A persistent tradition is that the nails used at the crucifixion were made by Roma, and they became accursed in consequence. The Roma assert that a Roma woman tried to steal the nails. She succeeded in stealing one so that only three nails were left: two were used for the hands of Christ and the remaining third was driven through the feet crossed one above the other. Did the Roma possess a metallurgical monopoly at such an early date. This folk fantasy is an important indicator that the Roma were primarily masters of iron technology.
The Roma know the symmetry of irregularities and every turn of time is a communication of hearts. They have travelled for centuries in the colour of music and the cadence of their freedom of movements. Living in the energies of nature, they have participated in the joy and glory of their inherited ideals.
This is a collection of essays written over the last eight decades on several aspects of the language, life and legends, dance and magic, origins and professions, world-view and assimilation of the Roma. It begins with my write up on the Roma as carrying the technology of steel to the regions West of India and how their dialects have NIA nominal forms and tadbhava words earlier than Hindi. Thus the Romani language is of historic value for India to understand the evolution of Hindi spoken or understood by 60% of Indians. As holders of steel technology, they have adored Lord Siva and His consort Kali, still treasured in their word trusul and the annual carnival of Sarala-kali.
In the next chapter, I have highlighted their love for language, their poignant poems, the origin of the word Roma and the legend of a Dombi queen. On arrival in Europe the Roma claimed royal origins. Kalhana's chronicle of Kashmir affirms that Kings of Kashmir were infatuated by Dombi beauties. This chapter ends with my wife Dr. Sharada Rani writing a Romani poem in the Devanagari script. The Roma children went wild with self-pride of having a literate heritage. "We have a script (lil)." They sang aloud, whirled and twirled in dance. To silence them, Milena narrated a story in Romani. The third chapter continues our visit to the Roma school in Borislav village in Czech. Years later, Jan Kochanowski stayed at our home for two years to study under my father Prof. Raghu Vira who guided his linguistic research that appeared as Gypsy Studies, vols.I, 2 in 1961. We used to address Kochanowski as Vania. We would often request him to recite the poem of Papusha in Romani: "My Land I am your daughter. The heart-rending poignancy and pathos of Vania's voice would bring tears to our eyes. The fourth chapter is in Hindi to bring the Romani language to our masses to tell them that Hindi is the deeper consciousness of ourselves.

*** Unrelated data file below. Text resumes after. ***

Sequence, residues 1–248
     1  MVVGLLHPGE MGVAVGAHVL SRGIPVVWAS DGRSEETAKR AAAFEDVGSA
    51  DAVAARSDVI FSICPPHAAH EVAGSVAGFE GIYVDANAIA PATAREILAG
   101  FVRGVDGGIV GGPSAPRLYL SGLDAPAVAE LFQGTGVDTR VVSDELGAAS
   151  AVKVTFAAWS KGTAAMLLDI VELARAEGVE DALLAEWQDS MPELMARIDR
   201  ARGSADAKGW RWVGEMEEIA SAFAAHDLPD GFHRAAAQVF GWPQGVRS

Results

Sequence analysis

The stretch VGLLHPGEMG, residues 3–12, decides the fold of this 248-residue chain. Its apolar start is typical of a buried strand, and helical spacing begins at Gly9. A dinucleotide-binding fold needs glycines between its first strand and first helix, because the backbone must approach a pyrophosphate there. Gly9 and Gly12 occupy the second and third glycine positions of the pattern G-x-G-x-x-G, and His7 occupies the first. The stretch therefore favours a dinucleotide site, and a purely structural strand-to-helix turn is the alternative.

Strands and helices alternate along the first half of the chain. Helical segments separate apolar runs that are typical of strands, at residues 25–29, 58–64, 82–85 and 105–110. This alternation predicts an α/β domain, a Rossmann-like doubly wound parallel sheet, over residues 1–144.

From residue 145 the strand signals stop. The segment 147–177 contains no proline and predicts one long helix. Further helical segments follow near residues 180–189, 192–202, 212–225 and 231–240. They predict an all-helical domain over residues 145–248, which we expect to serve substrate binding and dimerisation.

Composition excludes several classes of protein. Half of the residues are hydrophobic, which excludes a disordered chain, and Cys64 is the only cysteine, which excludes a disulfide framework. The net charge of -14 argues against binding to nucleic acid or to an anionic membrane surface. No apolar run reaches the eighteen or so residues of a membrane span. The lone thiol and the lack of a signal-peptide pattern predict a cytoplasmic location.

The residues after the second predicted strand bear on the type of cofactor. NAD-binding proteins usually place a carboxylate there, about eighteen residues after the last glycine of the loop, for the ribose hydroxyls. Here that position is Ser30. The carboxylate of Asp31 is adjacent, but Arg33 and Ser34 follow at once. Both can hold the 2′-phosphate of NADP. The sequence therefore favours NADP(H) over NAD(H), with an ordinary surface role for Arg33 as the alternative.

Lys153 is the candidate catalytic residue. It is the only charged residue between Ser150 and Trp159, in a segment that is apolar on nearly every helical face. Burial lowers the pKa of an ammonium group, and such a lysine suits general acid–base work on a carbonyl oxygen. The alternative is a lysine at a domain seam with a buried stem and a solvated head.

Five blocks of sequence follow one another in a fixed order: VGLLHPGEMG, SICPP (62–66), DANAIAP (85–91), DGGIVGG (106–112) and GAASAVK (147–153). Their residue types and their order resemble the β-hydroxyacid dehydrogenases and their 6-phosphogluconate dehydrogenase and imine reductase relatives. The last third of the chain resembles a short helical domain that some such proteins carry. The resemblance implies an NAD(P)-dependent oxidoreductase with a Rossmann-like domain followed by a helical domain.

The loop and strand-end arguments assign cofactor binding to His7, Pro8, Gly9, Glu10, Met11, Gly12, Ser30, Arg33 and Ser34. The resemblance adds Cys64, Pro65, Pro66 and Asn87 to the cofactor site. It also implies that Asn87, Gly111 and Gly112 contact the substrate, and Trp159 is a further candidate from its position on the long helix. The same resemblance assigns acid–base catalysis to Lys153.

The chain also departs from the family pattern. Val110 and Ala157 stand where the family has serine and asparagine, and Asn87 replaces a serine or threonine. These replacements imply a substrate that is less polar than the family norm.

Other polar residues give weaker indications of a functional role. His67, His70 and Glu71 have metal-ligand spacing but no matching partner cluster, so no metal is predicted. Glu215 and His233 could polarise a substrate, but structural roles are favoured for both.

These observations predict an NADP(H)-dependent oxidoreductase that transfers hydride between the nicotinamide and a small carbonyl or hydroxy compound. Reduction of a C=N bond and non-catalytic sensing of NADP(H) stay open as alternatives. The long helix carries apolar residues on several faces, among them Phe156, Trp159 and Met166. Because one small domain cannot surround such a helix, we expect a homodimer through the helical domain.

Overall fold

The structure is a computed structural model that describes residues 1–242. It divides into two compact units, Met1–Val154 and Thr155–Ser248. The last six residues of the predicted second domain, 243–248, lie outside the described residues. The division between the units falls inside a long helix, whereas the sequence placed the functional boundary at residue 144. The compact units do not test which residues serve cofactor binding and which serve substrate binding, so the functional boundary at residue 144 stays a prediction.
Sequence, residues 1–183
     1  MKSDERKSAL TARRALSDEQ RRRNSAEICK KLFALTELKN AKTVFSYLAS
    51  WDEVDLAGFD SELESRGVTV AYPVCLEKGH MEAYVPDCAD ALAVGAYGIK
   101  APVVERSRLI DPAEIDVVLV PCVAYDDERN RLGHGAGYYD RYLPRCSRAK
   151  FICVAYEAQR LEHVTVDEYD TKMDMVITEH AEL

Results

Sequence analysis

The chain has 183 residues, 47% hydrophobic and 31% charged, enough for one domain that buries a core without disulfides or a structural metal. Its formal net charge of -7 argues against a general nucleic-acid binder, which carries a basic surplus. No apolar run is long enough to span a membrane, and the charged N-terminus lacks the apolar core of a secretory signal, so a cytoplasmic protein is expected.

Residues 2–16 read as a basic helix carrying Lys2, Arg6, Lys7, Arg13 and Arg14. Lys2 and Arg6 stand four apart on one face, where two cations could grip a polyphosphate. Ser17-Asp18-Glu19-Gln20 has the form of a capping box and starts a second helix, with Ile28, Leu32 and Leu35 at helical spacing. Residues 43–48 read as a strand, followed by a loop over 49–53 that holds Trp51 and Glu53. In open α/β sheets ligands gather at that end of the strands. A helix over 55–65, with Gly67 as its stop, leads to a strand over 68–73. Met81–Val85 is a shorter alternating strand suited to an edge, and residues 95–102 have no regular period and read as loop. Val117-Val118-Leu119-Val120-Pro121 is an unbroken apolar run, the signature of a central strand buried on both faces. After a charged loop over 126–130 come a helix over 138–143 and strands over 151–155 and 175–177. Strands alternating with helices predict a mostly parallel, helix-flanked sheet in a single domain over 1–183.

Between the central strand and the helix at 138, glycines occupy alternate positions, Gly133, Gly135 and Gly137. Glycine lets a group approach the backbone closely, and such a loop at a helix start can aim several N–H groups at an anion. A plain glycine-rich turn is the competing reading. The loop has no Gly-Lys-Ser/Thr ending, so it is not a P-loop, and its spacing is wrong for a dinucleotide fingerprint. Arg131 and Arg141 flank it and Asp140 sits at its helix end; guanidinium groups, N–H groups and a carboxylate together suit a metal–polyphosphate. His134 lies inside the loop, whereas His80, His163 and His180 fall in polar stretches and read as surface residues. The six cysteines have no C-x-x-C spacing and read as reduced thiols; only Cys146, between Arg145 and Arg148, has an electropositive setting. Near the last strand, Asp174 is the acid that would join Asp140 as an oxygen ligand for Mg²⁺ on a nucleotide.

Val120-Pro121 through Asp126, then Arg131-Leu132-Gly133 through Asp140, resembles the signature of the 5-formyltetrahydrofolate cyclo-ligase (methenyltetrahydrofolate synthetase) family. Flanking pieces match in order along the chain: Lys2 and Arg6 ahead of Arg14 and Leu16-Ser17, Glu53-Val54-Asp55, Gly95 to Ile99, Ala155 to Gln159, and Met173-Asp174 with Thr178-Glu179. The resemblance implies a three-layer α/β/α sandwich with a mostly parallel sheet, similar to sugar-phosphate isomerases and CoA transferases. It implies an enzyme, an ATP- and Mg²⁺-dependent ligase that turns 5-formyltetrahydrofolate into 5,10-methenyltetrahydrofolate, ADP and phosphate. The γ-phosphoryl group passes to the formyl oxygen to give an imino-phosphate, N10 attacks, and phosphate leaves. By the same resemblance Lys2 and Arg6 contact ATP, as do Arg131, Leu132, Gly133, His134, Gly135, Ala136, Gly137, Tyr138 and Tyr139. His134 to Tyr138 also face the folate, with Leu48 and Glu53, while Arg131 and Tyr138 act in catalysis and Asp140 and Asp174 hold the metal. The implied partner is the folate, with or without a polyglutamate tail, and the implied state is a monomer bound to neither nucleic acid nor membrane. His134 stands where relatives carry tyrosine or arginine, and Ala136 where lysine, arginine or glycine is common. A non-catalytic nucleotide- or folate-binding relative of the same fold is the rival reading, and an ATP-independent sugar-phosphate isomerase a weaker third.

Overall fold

The fifth chapter is by Prof. Raghu Vira on Indian words in the Welsh dialect of Romani that he had collected in 1928 under Prof. R.L. Turner in London. Decades later, Prof. Raghu Vira was invited by the Government of Romania as a Member of Parliament. The Deputy Prime Minister said that he had Indian blood through the Roma. He gave two gramophone records of Roma songs, with their transcripts and translation in Romanian. They form the sixth chapter.
Prime Minister Indira Gandhi ended her speech (ch.7) at the International Roma Festival on 29th Oct 1983 at Chandigarh: "Theirs is an example of nationalism within internationalism". Nirupama Dutt (ch.8) reports about their travails in history, 40 million of them living below the poverty line, and their dismay at the conference at Chandigarh.
The ninth chapter relates how the Roma have asserted their right by filing a suit against an encyclopaedia issued by the culture ministry of Turkey, that calls them "polygamists, prostitutes and thieves", at the European Court of Human Rights.
Godwin (ch.10) gives a moving account of the Kali Carnival on 24 May in France every year to honour their patron saint. He also mentions Florin Cioaba the 'International King of the Gypsies' wearing a heavy gold crown and clutching a gold scepter. His black Mercedes has the vanity plate bearing RGE for Rege the Romanian word for king.
Prof. S. Harmatta (ch.l1) relates the history of Gypsy research as well as their social history in Hungary. Under King Sigismund they had princes and a king, who were termed thagar, cognate to thakur in Hindi.
**Contents and Sample Pages**
Your email address will not be published *
Send as free online greeting card
Email a Friend